As their boat returns to Florida Tech’s anchorage at the mouth of Melbourne Harbor, students grab the samples they just collected and head for the parked cars. Up next is the 10-minute drive to campus, where they will hustle to a lab to process their samples.
With the opening of the university’s newest educational facility, that cumbersome, post-fieldwork process will be replaced by a new, previously unavailable approach: walking from the boat to a lab in the new Mertens Marine Center, just feet from the docks.
That proximity matters.
“This facility enables us to be more effective in accessing the natural environment and processing freshly collected samples within minutes of returning to the shore,” said Kevin Johnson, professor of oceanography and program chair for a host of related majors, including environmental science, environmental resource management and sustainability. “There are many types of samples for which quick processing is desirable for accuracy and quality of outcome. There will also be the opportunity for engineering projects to be developed and tested in water just steps from the development venue.”
The 3,000-square-foot, $1.25 million building overlooking Crane Creek features two research/lab spaces, a conference room and two faculty offices. It will serve up to 140 undergraduate and 50 graduate students in ocean engineering, oceanography, environmental science, marine biology and sustainability.
And like Florida Tech’s space heritage, imbued in the university from founding president and rocket scientist Jerome P. Keuper, this building has an important and illustrious pedigree.
Lawrence and Margarete ere friends with Keuper, and the Mertenses both were avid scuba divers. Lawrence Mertens would go on to serve as the university’s first marine biology instructor—at Keuper’s request—and later, the couple became major Florida Tech benefactors, including a $1 million gift to build the marine center.
Lawrence Mertens passed away in 2017, Margarete Mertens in 2018.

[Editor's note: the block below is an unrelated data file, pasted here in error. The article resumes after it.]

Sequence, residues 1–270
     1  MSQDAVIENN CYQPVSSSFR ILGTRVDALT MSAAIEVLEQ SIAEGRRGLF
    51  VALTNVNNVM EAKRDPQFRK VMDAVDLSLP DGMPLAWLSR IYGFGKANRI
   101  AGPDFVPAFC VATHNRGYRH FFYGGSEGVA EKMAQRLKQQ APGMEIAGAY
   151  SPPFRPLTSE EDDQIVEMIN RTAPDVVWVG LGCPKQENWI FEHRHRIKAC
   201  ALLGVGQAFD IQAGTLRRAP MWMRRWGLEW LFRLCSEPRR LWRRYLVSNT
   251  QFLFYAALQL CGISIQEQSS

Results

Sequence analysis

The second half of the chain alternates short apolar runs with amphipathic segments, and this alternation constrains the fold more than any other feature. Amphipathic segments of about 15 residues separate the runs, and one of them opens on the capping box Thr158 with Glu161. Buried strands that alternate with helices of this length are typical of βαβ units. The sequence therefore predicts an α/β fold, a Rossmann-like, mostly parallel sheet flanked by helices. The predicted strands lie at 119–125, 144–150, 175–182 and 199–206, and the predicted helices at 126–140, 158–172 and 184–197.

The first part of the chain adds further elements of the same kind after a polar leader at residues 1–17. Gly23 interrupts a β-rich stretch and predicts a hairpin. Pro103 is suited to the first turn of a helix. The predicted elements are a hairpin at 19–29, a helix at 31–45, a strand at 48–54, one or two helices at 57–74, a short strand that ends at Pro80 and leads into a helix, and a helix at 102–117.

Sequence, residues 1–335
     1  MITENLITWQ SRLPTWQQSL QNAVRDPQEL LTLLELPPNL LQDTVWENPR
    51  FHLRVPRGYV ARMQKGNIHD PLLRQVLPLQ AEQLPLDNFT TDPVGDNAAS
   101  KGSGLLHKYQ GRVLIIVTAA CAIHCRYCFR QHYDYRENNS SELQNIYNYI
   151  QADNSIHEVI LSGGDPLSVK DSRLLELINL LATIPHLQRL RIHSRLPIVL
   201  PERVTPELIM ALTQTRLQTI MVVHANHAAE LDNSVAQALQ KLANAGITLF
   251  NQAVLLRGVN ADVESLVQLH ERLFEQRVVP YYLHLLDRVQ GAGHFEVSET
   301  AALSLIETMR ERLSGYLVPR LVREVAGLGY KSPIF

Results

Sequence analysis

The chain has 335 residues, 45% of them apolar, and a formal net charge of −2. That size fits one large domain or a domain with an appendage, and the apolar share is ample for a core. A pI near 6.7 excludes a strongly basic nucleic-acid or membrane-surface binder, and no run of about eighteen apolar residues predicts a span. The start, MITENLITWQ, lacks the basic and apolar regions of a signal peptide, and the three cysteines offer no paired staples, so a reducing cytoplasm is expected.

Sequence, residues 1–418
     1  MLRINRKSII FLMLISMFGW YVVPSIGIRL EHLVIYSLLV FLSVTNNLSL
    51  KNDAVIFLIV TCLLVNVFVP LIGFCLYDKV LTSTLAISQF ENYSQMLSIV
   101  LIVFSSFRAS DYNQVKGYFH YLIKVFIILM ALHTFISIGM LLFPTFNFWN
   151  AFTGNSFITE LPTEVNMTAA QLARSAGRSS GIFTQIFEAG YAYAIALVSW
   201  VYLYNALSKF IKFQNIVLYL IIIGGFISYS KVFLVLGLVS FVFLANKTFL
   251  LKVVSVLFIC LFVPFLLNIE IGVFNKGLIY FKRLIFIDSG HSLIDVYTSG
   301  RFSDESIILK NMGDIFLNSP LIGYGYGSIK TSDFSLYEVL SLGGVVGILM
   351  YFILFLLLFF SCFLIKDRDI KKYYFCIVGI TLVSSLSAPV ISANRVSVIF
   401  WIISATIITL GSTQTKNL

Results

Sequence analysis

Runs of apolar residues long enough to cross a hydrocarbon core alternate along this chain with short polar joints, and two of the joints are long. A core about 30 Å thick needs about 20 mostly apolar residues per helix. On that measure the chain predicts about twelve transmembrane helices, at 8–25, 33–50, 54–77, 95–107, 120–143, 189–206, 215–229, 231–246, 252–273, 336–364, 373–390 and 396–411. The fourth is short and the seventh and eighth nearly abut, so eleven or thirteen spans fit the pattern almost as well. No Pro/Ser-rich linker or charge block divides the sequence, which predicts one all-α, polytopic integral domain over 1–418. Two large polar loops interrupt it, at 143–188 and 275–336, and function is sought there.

In the building that bears their name, their legacy and Florida Tech’s unparalleled hands-on education will flourish.
“Florida Tech is all about ‘hands-on,’ and the Mertens Marine Center location provides the perfect setting for hands-on work—right next to the water where we have docks and keep our boats,” Johnson said. “This will take the already excellent education and training Florida Tech students receive to the next level.”
The building will serve as a base of operations for research and student training in the marine sciences and ocean engineering. Research on environmental restoration and solutions will be conducted there by both graduate and undergraduate students. Graduate student thesis and dissertation projects and undergraduate senior design projects will also be carried out in the center.
These projects will cover a very broad variety of science and engineering, including studies of invasive species, living shorelines, plastics pollution, eutrophication, submersible vehicles, energy generation, population biology, harmful algal blooms, oyster restoration, sediment geochemistry, nutrient flux, bathymetry, dredging techniques and restoration efforts.
“The center’s location is ideal for the estuarine and environmental coastal zone work for which Florida Tech is well known,” Johnson said. “What had been missing until now was a well-outfitted base of operations for science and engineering adjacent to the water.”
This piece was featured in the fall 2022 edition of Florida Tech Magazine.